Aspen City Council wants to take small, but immediate steps to increase outdoor dining capacity. With public health orders limiting restaurant seating to 50 percent capacity to slow the spread of COVID-19, the additional outdoor seating area could help make ends meet for the industry.
Pete Rice, division manager with the city’s engineering department, presented council with several options for what the expanded seating could look like at a work session Monday night. Options included leaving dining status quo, converting individual parking spaces to business use on an application basis, or shutting down entire streets to vehicular traffic to allow for a more of a promenade dining experience.
“[The full closure] is the easiest to implement quickly from a staff standpoint, and definitely if you keep vehicles out of the mix it's the safest option out of the three,” Rice said.
But, in feedback from an online survey and from direct communication with restaurant owners, there is a desire to leave some parking available on each street to allow for to-go orders, which restaurants will likely remain relying on during the public health “safer at home” phase.
“This is the best case scenario for restaurants, it provides great added space,” Rice said. “Definitely more mobility for everyone.”
The idea is that both restaurants and retail shops could apply for the street space. Rice told the council that allowing traffic flow around the hybrid setup may diminish user experience.
“Patrons may not enjoy eating next to adjacent cars or shopping if cars are driving down the roadway,” he said.
The complete shutdown would be the cheapest option at about $4,000 per block which would come out of the COVID-19 recovery package already set aside by council. A street modification option that allows some traffic or parking would be $24,000 per block, and a more concerted effort of activating spaces with raised decking for seating or “parkletts” to distinguish commerce from traffic could raise the price per block to $125,000. The council would need to give direction on the funding mechanism for the higher priced options. For now, the city is waiving the fee to apply for the right-of-way infringement to expand capacity.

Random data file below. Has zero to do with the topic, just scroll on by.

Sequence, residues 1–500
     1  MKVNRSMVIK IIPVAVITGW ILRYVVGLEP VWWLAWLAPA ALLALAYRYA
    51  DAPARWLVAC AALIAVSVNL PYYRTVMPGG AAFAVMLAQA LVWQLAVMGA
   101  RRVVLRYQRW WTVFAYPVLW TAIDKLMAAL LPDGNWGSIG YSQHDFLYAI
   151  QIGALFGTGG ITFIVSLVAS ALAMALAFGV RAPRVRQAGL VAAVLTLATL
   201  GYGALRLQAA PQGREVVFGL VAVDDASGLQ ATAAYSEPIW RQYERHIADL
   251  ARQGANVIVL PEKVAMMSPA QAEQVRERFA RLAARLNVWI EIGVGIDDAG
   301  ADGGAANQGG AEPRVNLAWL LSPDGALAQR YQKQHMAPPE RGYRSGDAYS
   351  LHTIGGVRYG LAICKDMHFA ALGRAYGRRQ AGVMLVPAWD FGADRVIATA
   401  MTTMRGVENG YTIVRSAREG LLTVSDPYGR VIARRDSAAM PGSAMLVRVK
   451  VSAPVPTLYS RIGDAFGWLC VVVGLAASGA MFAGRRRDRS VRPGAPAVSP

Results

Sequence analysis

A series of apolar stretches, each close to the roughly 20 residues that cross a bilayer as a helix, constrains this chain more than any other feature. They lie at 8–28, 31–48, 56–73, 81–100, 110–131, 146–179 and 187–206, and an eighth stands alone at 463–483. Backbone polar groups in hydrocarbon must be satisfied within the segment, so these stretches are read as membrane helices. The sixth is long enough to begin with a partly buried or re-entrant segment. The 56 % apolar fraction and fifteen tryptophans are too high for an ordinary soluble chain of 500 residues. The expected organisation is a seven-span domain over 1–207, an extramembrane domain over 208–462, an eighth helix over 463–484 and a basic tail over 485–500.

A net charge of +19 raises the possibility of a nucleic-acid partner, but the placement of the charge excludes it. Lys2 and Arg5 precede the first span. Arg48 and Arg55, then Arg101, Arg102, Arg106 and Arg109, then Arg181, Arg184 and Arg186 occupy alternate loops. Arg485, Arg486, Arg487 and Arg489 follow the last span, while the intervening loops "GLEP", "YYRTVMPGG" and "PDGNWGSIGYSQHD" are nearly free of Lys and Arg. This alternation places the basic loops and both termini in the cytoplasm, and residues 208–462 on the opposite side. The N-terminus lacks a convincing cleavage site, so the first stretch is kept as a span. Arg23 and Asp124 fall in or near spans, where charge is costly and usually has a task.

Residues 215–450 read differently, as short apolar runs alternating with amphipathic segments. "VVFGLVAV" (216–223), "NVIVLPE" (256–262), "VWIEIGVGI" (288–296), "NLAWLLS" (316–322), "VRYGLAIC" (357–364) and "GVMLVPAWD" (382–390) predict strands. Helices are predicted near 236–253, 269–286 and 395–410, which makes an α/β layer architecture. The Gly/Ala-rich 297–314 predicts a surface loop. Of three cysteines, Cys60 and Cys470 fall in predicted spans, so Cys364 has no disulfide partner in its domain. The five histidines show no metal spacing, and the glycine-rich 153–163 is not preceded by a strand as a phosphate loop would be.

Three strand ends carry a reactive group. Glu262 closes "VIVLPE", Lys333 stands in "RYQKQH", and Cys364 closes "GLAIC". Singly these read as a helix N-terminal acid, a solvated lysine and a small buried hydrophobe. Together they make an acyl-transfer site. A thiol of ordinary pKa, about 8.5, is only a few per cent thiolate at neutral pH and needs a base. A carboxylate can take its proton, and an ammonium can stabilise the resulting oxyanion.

The majority of council said they may be open to street shutdowns at some point, but in the interest of changing policy quickly and cheaply, directed staff to open up applications for individual parking space use on Tuesday and report back in the case of a large enough congregation of applications that it would merit a street closure. Staff will likely be reporting back to council next week.
The council did not like the idea of the aesthetic of the jersey barriers that would need to be used to protect pedestrians and diners from traffic in the mixed-use streets. Council member Skippy Mesirow suggested collaborating with Aspen’s artisan community to decorate the structures and create community buy-in.
“We have a long history of identifying as a community of the arts and we've been looking for ways to celebrate the arts more,” Mesirow said.
Councilmember Rachel Richards disagreed, saying the use of community artists would be off brand for Aspen.
“I just don't want something where Aspen went childish and cheesy because we didn't have anything else to do,” Richards said.
She also asked that the city only grant street-level access to established brick and mortar businesses, so that local shops are not competing for sales with local artisans who do not have rent to pay.
Mayor Torre called the street expansion efforts a good collaboration between government, business and the public. He also cautioned that the expanded footprint is not a signal for people to let their guard down when it comes to social distancing.
“We have our metrics. We will be dictated by medical data,” Torre said. “It is not impossible that we see steps backwards toward shutting down or limiting business.”